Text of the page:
33 years ago, Ronald Reagan was elected president in large part because of his TV ad: “It’s morning in America.”
“It’s morning again in America, and under the leadership of President Reagan, our country is prouder and stronger and better.”
For many Americans, the inauguration of Donald Trump foretells a period of darkness. “It’s midnight in America.”
Here on the Left Coast, where Trump got roughly one-third of the vote, the prevailing emotion is depression. My homies are split on what’s worse: the fact that lying bully Trump is president or that he got 63 million votes.
Nonetheless, there is ray of hope in the darkness. Trump is uniquely vulnerable by virtue of his personality and the nature of his appeal. Our challenge is taking advantage of this vulnerability.
Personality. Thousands of pages have been written analyzing Trump’s personality. He’s narcissistic and lacks impulse control and lashes out at those who challenge him. And he’s a pathological liar. Nonetheless, Trump’s vulnerability is that he is a con man. Time and again, in his business and personal life, he has proposed a grandiose solution and then produced something totally inadequate. (For example, Trump University.)
Program. Trump has made many promises about what he’ll do as president. His “plans” can be factored into three groups. Promises he made to the oligarchs ― such as Robert Mercer and Charles Koch ― who pulled him across the finish line. He’s promised to reduce their taxes and roll back government regulations. It’s likely Trump will deliver on these promises but they will not impact the average Trump voter.
Trump has also made foreign policy promises, the most prominent of which was to cozy up to Russia. Trump will try to do this ― it’s a big objective of his closest foreign policy adviser, Mike Flynn. But Trump’s foreign policy plans will run into huge opposition from the Senate. Whatever happens, it won’t impact the average Trump voter. (Unless, of course, if Trump takes us to war, which he’s certainly capable of.)
Finally, Trump has made a series of domestic policy promises, the most prominent of which feature jobs. This is what Trump voters care about and where he is most vulnerable.
Trump won the election because his supporters believed that an outsider could shake up the status quo and bring economic prosperity to America’s have-nots. Trump’s jobs “program” has three components: spur employment by reducing taxes and regulations, threaten corporations who plan to move jobs out of the country, and institute a massive infrastructure program.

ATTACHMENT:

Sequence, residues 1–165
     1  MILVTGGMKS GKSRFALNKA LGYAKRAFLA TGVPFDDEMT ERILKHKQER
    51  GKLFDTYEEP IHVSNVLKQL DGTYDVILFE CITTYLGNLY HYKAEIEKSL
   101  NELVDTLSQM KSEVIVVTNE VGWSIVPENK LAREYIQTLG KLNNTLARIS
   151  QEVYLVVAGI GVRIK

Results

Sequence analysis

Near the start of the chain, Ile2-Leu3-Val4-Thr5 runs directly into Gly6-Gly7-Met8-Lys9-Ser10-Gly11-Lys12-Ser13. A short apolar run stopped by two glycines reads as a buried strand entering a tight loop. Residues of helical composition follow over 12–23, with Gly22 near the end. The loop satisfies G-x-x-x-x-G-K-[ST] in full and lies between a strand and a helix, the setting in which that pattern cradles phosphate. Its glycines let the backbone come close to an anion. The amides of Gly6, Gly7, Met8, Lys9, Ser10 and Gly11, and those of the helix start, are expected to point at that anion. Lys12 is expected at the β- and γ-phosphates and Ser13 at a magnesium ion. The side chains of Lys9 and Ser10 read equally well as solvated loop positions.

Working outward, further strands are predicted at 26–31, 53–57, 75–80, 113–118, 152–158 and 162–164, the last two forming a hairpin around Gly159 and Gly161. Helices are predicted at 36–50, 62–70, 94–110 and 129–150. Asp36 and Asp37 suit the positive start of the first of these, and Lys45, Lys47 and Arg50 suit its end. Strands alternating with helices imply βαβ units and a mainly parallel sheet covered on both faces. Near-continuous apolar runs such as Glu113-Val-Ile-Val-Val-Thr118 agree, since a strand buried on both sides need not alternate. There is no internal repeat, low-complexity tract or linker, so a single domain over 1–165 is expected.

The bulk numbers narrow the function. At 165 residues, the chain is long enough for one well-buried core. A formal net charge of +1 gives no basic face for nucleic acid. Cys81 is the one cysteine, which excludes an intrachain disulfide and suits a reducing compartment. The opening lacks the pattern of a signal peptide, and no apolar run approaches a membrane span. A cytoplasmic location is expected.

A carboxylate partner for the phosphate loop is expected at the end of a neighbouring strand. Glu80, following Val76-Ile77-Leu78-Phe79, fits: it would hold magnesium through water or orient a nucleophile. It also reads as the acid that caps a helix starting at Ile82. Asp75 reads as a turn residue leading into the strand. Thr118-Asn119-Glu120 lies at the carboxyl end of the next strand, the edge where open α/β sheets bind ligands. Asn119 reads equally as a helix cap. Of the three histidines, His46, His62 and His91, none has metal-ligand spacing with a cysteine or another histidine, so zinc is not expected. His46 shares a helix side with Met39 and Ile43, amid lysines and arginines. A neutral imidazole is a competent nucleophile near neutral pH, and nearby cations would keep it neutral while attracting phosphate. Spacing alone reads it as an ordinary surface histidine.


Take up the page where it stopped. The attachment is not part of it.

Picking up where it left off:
In his election night speech, Trump talked about his trillion dollar infrastructure initiative: “We are going to fix our inner cities and rebuild our highways, bridges, tunnels, airports, schools, hospitals. We’re going to rebuild our infrastructure, which will become, by the way, second to none. And we will put millions of our people to work as we rebuild it.”
What Trump has suggested is similar to the program that President Obama proposed after the initial recovery from the great recession. Obama wanted a massive infrastructure-based jobs program financed by taxing corporations and the wealthy. (Hillary Clinton proposed something similar.) Congressional Republicans squashed it.
Trump has proposed a similar infrastructure-based jobs program but with a different method of financing: “The American Infrastructure Act leverages public-private partnerships and private investments through tax incentives to spur $1 trillion in infrastructure investment over the next ten years.” For example, in Trump’s plan, America would finance new highways by giving construction companies tax incentives up front and, after the highway was completed, letting the builder charge tolls.
Trump’s jobs initiative faces two obstacles. First, congressional Republicans are unlikely to approve the taxes required to fund a trillion dollar program and less likely to approve an unfunded initiative. Second, Trump doesn’t understand the nature of America’s unemployment problem.
In his January 11th news conference, Trump claimed that 96 million Americans are unemployed; a typical misstatement. 96 million adult Americans are not in the labor force mostly because they are retired, sick, going to school, or running a household. Only 7.4 million are officially unemployed (4.6 percent). However, another 7.6 million are not fully employed because they are involuntarily working part time or “marginally attached to the workforce” ― such as “discouraged” workers who have quite looking for employment. Thus 15 million Americans are unsatisfactorily employed ― a rate of 9.4 percent.
But the plight of these workers is not easily remedied. Some, like coal miners, worked in industries where the jobs have disappeared because the industry has been depleted. Economic forces have determined that coal is yesterday’s fuel source. Thirty years ago there were 175,000 coal miners; today there are less than 50,000.
The larger problem is that Trump assumes he can make good-paying manufacturing jobs reappear. However, there’s compelling evidence that these jobs, for a variety of reasons ― such as advances in robotics, aren’t coming back. Writing in 538, Ben Casselman observed, “Like it or not, the U.S. is now a service-based economy. It’s time candidates started talking about making that economy work for workers, rather than pining for one that’s never coming back.” But Trump is extremely unlikely to tackle the structural changes that would make the current economy “work for workers.”
Trump’s jobs plan is a con. What he’s proposed won’t get America working again; it won’t magically conjure up 15 million meaningful jobs.
Trump’s obvious con job is the one ray of light shining on an otherwise black scenario.